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With the many crises both domestic and global facing the Biden White House, one key challenge — North Korea — has decided to make its presence known. Surrounded by missiles and other weaponry, North Korean leader Kim Jong Un put his nuclear-armed state front and center. Nick Schifrin explains.
Today, the U.S. and South Korean national security advisers are meeting in Washington to discuss North Korea.
It was earlier today when North Korea's leader, Kim Jong-un, surrounded by missiles and other weaponry, put his nuclear-armed state front and center, and the Biden administration on notice.
Nick Schifrin explains.
The stars were out on Pyongyang's red carpet, intercontinental ballistic missiles, a new surface-to-air missile, a new hypersonic glide vehicle, and, behind Kim Jong-un himself, what North Korea calls new-type gigantic rocket, a flashy flaunting of years of North Korean military and nuclear advancement, and outside, human weapons, demonstrations of tae kwon do and North Korean soldiers' toughness.
Fighters flying by, to the delight of Kim and a sea of military leaders, the audience for the weapons exhibition both global and local, says Ankit Panda of the Carnegie Endowment for International Peace.
Ankit Panda, Carnegie Endowment for International Peace: Kim has been quite open about the fact that these are not good times for North Korea.
But, despite all of this, their national defense program continues. Their defense scientists continue to be innovative. That's really the message here for the internal audience, that Kim Jong-un continues to ensure that North Korea will sustain its autonomy.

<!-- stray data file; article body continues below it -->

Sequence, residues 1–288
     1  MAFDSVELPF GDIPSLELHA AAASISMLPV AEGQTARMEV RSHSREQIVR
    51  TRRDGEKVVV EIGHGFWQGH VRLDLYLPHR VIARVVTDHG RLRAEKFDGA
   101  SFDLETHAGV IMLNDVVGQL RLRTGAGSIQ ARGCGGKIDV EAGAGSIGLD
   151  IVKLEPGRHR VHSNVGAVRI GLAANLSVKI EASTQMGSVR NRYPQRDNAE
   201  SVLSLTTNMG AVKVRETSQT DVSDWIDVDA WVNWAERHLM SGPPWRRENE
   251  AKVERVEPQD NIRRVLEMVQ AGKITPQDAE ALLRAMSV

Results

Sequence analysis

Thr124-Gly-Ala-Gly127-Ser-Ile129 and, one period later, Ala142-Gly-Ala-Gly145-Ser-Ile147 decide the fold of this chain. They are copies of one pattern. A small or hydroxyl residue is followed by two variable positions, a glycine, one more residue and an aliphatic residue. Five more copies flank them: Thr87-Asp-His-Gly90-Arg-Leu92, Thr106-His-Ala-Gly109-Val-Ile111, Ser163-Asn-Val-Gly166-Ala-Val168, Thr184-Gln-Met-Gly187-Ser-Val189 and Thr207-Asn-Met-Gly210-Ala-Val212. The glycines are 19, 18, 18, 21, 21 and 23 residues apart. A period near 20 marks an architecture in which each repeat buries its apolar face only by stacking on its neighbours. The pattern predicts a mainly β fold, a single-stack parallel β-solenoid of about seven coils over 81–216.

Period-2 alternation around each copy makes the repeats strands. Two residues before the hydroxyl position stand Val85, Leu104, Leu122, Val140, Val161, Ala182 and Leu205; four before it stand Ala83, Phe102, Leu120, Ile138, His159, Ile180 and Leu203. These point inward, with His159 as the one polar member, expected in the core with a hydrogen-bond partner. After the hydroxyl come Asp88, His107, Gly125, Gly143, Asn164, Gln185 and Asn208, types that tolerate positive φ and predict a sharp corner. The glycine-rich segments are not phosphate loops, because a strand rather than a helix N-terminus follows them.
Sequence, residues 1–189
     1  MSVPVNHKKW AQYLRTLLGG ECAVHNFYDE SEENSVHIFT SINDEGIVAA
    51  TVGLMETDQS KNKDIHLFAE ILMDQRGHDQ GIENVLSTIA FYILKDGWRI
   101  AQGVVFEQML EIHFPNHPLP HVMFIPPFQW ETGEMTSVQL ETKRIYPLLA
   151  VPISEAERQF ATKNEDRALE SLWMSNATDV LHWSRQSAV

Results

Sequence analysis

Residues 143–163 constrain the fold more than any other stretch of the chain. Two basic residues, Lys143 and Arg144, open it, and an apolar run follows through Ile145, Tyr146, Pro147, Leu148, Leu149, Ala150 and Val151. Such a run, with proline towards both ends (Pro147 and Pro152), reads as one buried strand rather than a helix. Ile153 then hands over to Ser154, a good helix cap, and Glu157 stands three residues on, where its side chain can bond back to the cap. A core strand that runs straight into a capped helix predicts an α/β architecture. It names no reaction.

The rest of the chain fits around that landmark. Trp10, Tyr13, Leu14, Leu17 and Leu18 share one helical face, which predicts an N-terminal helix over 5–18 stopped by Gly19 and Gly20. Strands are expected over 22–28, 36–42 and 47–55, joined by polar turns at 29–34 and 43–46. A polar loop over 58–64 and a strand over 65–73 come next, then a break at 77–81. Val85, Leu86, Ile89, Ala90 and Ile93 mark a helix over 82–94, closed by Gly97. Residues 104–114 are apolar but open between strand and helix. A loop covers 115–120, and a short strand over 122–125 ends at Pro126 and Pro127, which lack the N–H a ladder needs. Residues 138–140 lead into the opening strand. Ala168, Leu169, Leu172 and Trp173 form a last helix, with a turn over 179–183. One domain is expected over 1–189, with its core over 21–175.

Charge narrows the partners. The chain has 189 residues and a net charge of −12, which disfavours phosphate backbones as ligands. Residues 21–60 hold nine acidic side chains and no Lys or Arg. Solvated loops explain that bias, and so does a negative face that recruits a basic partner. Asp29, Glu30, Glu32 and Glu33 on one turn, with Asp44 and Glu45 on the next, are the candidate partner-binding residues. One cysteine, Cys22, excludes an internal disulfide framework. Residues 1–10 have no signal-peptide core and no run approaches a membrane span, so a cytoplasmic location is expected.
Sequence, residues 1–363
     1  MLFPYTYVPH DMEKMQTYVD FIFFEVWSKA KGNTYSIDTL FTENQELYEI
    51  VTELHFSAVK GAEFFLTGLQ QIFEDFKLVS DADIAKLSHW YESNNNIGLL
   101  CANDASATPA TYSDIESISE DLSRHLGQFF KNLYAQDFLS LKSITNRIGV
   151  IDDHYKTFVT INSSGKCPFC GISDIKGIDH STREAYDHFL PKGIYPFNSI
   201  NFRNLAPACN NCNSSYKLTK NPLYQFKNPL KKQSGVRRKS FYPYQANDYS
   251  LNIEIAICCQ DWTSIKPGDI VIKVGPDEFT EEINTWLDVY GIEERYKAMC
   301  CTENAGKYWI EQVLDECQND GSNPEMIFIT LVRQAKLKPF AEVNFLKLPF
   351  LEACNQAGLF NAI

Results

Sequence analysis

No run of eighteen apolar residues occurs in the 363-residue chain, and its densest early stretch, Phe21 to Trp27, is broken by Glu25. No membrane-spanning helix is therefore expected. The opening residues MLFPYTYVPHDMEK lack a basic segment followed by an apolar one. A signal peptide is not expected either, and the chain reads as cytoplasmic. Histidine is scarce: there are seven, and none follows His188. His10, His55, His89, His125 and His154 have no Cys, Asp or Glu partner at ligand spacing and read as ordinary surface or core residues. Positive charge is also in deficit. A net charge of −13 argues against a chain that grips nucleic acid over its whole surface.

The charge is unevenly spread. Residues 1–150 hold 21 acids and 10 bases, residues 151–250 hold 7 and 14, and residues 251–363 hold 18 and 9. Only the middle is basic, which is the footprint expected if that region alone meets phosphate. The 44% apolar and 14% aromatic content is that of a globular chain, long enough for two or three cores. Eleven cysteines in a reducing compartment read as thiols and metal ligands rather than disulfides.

These weapons are the highlights of North Korea's missile and nuclear program so far, but they're also previews of future weapons that are today still untested.
I think Kim is trying to really indicate that he is working his way through a long list of military modernization objectives.
This is about leverage for the next time the North Koreans come back to the diplomatic table. And Kim really wants the U.S. to appreciate what they're capable of doing and what they have been capable of doing over the last few years.
Last month alone, Pyongyang conducted three tests, including the hypersonic missile, the new cruise missile, and a train-based ballistic missile, all designed to improve North Korean missile and nuclear survivability and responsiveness.
By placing these missiles on rail cars, they can be placed in tunnels. They can simply be rolled out, erected, and launched, and so that enhances the survivability in principle, and similarly with responsiveness.
Unlike truck-based missile launchers, which need to be driven around the countryside on — sometimes going off-road, rail mobility is quite stable.
The North isn't the only one advancing its missiles. Last month, South Korea tested its own missile launched from a submarine and watched by President Moon Jae-in.
The regional arms race isn't new, but it comes after a may summit in which the U.S. lifted decades-old missile restrictions. Meanwhile, South Korea is trying to upgrade inter-Korean communications. The two sides recently reopened a liaison office that last year North Korea blew up.
But ever since Kim and President Trump met in Hanoi in 2019, U.S.-North Korean diplomacy has been stalled. The Biden administration wants direct diplomacy with North Korea, officially known as the DPRK
Ned Price, Spokesperson, State Department:
We remain prepared to meet with the DPRK Without preconditions any time, anywhere.
But North Korea says it won't meet with the U.S. while the U.S. continues to hold training exercises with South Korea, including this one in August, and maintains sanctions, what the North calls the U.S.' — quote — "hostile policy."
For more on North Korea and the South Korean and the United States' national security advisers meeting today, we turn to Frank Jannuzi. He was a State Department analyst, where he focused on North Korea. He's now president of the Maureen and Mike Mansfield Foundation, a nonprofit focused on improving relations among countries in Asia and with the United States.
Frank Jannuzi, welcome back to the "NewsHour."
As we just reported, North Korea says the U.S. has a — quote — "hostile policy" that it needs to give up. For North Korea, what does that mean?
Frank Jannuzi, President and CEO, Maureen and Mike Mansfield Foundation: Well, they define it usually, Nick, to refer to sanctions, as well as the criticism of their human rights record, the fact that the United States maintains forces on the Korean Peninsula and nuclear armaments, which the North Koreans consider to be a threat.